Supporting Entrepreneurship Amidst a Global Pandemic

antrepreneur center students and jaune odombrown

On November 8, 2004, Jaune Odombrown joined the U.S. Marine Corps. While he knew that his military service would bring countless challenges and immeasurable hardships, he didn’t know that it would also open the door to his entrepreneurial success.

During his military service, Jaune saw an opportunity to create a system to improve the strategic plans, deployment, and personnel management of his battalion. He officially delivered the system in 2011, and it was formally approved for full military use in 2012. Speaking on his development of the system, Jaune recalls, “I focused on creating not knowing that I was being an entrepreneur. At that time, I didn’t know what entrepreneurship was or what it was about.” It was only when his commander pulled him aside and explained the concept of entrepreneurship that Jaune started to understand that he could have a future as an entrepreneur.

After leaving the Marine Corps in 2012, Jaune immediately began studying entrepreneurship, learning about the process of turning an idea into a successful business. He would quickly put his knowledge to work as he launched his first business, Music Express Productions, where he would sell self-composed piano music for others to sample. 

Jaune would go on to launch two more businesses. Rock the Base (RTB) brought live musical entertainment to military installations across the country. In addition to organizing and managing musical performances, Jaune expanded RTB to create special programming to help veterans find their footing after leaving the military. Focusing on helping veterans access (J)ob opportunities, (U)niversity education, (M)edical assistance, and (P)roperty ownership, the JUMP program was born. This shift in RTB from entertainment to “edutainment” sparked a new passion in Jaune—one that centered around helping others fulfill their full potential.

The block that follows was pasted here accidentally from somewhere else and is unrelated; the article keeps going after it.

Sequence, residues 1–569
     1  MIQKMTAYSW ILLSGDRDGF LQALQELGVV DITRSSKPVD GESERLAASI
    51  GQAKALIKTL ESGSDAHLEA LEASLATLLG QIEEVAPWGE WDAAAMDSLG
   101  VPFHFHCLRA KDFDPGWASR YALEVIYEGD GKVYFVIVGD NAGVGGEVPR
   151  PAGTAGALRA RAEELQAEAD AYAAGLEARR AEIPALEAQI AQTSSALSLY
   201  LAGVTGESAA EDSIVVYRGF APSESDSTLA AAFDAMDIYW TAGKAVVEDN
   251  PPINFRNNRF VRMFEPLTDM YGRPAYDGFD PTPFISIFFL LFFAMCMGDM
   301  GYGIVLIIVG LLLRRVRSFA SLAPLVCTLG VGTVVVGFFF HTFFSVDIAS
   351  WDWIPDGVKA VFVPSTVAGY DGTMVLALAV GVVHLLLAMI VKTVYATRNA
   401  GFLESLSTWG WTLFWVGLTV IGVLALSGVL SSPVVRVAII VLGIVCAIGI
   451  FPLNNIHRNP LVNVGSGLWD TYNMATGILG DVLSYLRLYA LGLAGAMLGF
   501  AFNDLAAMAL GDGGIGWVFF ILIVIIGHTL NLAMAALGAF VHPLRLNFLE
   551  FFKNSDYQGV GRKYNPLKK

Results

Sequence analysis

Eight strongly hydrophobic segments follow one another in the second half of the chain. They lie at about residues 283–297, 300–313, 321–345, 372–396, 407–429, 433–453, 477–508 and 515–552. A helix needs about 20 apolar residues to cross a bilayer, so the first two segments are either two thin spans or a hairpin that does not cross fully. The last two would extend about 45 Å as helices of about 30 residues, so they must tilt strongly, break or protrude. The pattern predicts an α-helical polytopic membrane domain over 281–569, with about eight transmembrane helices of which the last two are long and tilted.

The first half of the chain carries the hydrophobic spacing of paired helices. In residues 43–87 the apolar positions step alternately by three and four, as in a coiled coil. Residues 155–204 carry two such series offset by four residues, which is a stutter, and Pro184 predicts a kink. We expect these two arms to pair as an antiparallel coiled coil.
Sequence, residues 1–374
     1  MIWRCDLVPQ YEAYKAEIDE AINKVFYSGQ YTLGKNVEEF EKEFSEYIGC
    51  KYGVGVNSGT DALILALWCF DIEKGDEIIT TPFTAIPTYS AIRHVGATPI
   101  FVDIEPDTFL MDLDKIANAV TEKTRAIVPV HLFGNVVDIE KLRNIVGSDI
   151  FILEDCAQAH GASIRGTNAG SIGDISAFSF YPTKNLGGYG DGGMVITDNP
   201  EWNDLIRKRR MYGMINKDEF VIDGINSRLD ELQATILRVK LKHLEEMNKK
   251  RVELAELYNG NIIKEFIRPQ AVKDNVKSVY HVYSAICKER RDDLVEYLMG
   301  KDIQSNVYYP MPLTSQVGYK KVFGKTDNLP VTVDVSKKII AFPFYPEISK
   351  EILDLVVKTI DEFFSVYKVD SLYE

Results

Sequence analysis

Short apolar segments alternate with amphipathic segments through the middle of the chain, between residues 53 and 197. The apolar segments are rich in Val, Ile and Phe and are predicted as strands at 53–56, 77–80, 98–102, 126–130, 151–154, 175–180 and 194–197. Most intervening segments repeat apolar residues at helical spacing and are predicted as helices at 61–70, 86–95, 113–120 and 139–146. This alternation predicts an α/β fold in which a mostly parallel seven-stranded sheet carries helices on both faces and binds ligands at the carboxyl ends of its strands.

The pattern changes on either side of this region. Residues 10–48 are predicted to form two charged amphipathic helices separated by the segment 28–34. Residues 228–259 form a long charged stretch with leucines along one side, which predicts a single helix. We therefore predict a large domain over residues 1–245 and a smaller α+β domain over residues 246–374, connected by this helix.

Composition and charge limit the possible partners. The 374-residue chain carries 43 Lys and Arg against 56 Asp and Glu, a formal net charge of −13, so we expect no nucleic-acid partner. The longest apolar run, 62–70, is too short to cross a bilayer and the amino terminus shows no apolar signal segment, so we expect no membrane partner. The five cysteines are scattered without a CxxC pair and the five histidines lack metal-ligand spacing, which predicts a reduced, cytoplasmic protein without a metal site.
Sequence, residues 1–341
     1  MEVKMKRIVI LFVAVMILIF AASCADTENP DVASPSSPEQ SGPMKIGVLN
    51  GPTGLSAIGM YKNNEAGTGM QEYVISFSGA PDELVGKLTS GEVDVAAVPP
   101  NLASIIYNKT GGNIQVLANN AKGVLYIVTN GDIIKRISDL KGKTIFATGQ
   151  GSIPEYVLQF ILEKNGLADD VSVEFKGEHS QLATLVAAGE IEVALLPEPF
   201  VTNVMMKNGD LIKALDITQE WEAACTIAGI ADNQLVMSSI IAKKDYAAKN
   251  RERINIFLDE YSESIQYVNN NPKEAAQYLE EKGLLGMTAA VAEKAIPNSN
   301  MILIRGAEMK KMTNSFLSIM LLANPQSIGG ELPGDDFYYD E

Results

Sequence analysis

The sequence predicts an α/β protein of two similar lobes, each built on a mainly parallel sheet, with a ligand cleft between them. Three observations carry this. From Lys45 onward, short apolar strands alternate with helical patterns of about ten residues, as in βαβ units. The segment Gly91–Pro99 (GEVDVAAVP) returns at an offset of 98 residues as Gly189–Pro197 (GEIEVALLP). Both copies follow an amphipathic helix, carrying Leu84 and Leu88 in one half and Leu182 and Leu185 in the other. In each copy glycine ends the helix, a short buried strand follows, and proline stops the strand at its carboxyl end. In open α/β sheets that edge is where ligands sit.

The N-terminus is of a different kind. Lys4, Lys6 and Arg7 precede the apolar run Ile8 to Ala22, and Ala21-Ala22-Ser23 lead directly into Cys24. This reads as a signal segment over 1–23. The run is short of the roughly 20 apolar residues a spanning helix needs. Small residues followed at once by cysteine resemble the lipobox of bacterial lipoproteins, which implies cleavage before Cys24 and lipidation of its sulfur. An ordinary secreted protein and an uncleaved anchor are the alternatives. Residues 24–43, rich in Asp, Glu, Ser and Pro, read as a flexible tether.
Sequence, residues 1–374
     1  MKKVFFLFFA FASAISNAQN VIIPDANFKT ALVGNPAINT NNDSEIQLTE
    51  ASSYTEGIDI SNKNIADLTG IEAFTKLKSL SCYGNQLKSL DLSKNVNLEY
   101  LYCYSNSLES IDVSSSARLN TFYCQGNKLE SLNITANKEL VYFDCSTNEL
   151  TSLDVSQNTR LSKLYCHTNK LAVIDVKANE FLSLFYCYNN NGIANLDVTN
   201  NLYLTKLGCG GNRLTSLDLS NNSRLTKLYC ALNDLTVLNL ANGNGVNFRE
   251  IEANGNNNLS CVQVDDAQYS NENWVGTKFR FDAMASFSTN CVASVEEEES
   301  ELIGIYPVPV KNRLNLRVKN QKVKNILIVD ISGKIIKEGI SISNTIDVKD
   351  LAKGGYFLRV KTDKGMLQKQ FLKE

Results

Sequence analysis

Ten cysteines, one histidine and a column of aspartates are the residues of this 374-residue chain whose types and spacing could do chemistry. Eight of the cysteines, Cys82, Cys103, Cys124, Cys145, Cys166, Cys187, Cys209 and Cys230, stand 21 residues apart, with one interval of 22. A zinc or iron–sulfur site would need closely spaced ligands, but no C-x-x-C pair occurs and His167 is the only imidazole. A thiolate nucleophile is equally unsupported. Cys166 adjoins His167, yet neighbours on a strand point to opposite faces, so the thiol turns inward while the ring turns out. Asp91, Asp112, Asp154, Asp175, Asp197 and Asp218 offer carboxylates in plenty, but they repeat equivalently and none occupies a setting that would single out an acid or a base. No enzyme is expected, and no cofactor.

With all his success, Jaune saw entrepreneurship as the opportunity that so many were looking for. In 2017, he launched Smartpreneur, which creates entrepreneur development centers where anyone can learn about the process of becoming an entrepreneur, accessing resources, and launching a business.

As he was about to move ahead with Smartpreneur, Jaune was offered an opportunity to manage the UCI ANTrepreneur Center. With a mission to encourage innovative and entrepreneurial thinking, provide resources and education to burgeoning entrepreneurs, and offer opportunities for networking and mentorship, the ANTrepreneur Center aligned with what Jaune wanted to do most.